How to create effective, loving rules

 

Original Photo: Ginnerobot via Flickr

 

 

The secret to enforcing effective and loving rules is pretty easy: Have very few rules.

Our children — as I’m sure most do — have their own rhythms and grooves that are a life of their own. I cannot change those idiosyncrasies anymore than they can change my own. Some days they listen well. Some days they do not. Some days are easy. Some days are not.

It’s our job to be consistent, as hard as that may be some days.

Someone asked me to post our rules. Our rules have changed over the years from none to a few to a lot to now the Fink Five, which I’ll explain in more detail below.

1. Be Kind.

2. Be Flexible.

3. Be Helpful.

4. Be a Good Sport.

5. Be a Risk Taker.

 

Be kind pretty much encompasses everything from using kind words, to keeping your hands and your feet to yourself to offering up some empathy when you hurt someone.

Be flexible comes up more frequently than you might imagine such as when the only pair of socks she wants to wear are in the wash but she has seven other pair clean … she chooses the next best pair.

Be helpful at all times. Period. Cooperate. Assist the family. Do your part. Do extra when you can.

Be a good sport is important but it’s also hard for children to learn so they need to be reminded that sometimes they won’t win, sometimes they will be chosen last and sometimes life just isn’t fair.

Be a risk taker is last but not least. It means to try your best, give everything a go and never back down from trying something new even if you’re afraid or worried about making a mistake. This includes taking initiative to learn new things, being curious about the unknown and mysteries of the world as well as helping out friends and family in new ways. This is about putting your whole self into something that might be uncertain and still be OK with it.

We post these rules on our fridge. But, I also have two other lists that I can point to. The first is a list of the character education attributes that they learn through school as well as through home. When I see them demonstrating one of those skills, I refer to that list.

And, we also use the THINK list. You may have seen this on Pinterest in a few places. It’s pretty much genius for adults and children alike!

THINK BEFORE YOU SPEAK

T – Is it true?

H – Is it helpful?

I – Is it inspiring?

N – Is it necessary?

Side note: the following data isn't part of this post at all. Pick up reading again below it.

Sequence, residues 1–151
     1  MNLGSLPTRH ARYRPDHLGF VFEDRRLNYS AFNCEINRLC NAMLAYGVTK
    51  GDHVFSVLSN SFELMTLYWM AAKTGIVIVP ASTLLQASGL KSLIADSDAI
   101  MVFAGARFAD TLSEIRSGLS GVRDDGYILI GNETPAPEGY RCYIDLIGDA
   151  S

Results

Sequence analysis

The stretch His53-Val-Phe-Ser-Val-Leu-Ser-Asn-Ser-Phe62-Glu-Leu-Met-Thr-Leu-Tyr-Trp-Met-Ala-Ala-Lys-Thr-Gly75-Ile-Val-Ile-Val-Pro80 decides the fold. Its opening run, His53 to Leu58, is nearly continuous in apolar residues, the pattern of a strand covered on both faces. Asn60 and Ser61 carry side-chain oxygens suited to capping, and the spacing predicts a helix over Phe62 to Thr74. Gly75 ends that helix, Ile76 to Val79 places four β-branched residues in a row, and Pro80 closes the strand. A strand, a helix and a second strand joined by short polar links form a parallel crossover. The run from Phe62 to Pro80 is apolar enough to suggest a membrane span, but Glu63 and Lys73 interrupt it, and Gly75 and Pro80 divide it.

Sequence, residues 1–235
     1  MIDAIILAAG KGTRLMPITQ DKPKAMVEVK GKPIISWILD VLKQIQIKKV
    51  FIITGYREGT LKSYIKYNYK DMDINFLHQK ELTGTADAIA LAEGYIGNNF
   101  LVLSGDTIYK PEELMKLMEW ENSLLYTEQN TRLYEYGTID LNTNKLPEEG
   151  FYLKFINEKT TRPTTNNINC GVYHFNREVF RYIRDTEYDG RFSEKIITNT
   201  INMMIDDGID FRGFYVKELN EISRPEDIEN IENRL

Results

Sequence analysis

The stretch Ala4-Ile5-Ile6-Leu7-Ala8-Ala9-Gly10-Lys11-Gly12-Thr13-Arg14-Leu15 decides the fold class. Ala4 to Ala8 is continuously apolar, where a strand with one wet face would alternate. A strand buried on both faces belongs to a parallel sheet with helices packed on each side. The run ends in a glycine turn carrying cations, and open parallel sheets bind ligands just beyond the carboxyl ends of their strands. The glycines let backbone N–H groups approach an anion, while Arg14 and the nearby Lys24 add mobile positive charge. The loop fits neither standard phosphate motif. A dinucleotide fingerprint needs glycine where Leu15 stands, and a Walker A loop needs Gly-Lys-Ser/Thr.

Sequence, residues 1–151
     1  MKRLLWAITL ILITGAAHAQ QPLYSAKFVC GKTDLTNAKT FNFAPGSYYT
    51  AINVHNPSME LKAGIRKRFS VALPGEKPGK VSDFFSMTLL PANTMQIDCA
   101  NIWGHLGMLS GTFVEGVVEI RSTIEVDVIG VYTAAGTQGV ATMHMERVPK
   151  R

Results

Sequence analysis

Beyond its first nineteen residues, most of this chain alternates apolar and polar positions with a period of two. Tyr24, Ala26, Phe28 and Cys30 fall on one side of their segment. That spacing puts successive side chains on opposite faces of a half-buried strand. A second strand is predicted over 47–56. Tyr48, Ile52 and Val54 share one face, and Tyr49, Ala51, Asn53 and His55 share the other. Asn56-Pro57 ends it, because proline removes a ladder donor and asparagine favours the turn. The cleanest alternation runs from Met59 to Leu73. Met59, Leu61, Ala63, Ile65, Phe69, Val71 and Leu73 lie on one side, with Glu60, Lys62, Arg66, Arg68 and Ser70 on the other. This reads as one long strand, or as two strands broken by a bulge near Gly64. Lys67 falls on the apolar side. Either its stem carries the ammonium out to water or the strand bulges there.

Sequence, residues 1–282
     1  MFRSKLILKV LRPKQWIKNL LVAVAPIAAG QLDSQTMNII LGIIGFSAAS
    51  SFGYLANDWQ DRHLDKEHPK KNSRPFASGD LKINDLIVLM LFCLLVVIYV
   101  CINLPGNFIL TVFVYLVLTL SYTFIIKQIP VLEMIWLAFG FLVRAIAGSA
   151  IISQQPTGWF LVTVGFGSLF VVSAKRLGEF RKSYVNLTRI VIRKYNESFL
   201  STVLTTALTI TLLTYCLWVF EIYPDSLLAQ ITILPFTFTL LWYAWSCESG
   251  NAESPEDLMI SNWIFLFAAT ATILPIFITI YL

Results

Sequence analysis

K – Is it kind?

I refer to this list quite often and my daughter who struggles with speaking too quickly and saying mean things without thinking has really taken this to heart.

And we have another rule that’s not written down.

We’re not allowed to say I CAN’T.

How about you? What’s your feelings about rules — the ones you were raised with, the ones you enforce now, the ones at your child’s school? Do the rules we place on our children restrict them or help them grow? How do you feel about rules? Please share in the comments!

 

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18 Responses to How to create effective, loving rules

  1. I have been thinking about your rules post for a few days now. We don't really have specific rules (kids ages 5yr and 3 yr) yet my kids are (most of the time!) polite, well behaved, and receive compliments for their appropriate behavior on a regular basis. #1 thing we try to do: model appropriate behavior for our kids. I enjoyed reading your rules. I think rules exist in my home, but maybe not in writing. Definitely something for us to explore!

    • Thank you. I didn't think rules were a good idea until my girls turned 6. Suddenly, I felt they really needed specifics. Most of the time we never have to worry about rules but now and then it's nice to point to Be Kind and remind them of the bigger picture. : )

    • My oldest just started kindergarten and I like the few simple rules posted in his classroom. Your post was timely as we had just started talking about how/when we'd make more 'stringent' rules as our boys got older. Great topics here, keep 'em comin'!

  2. Thank you for sharing this. Just this weekend my hubby and I were hard at work whittling away at rules in our house, making them more understandable and mostly minimizing. I love your set and will use it when as I process the list we have into something that feel great for our family. I especially like “THINK”, I have a little one who could benefit greatly from this!

    • I have found these rules and THINK to be pretty much perfect in all situations. We have to talk a lot about what it means to be flexible but they are getting it. I’d love it if you posted your rules you come up with … when ready!

  3. I LOVE the idea of family rules & have been trying to decide on some of our own. But the list always seemed long & daunting :( I wanted them to be short, easy to remember, easy to understand–I really appreciate this jumping off point:))) Thanks!

  4. We are on the same page so often. I would react exactly the same way if a note came home from the teacher about my son talking in class. I also agree that the key about family rules is to not sweat it and not have too many rules. We're pretty flexible around here, things are thought through rationally and it's the bigger picture rules (kindness, thoughtfulness, being helpful) that we focus on. Thanks so much for linking up to The Sunday Parenting Party again this week.

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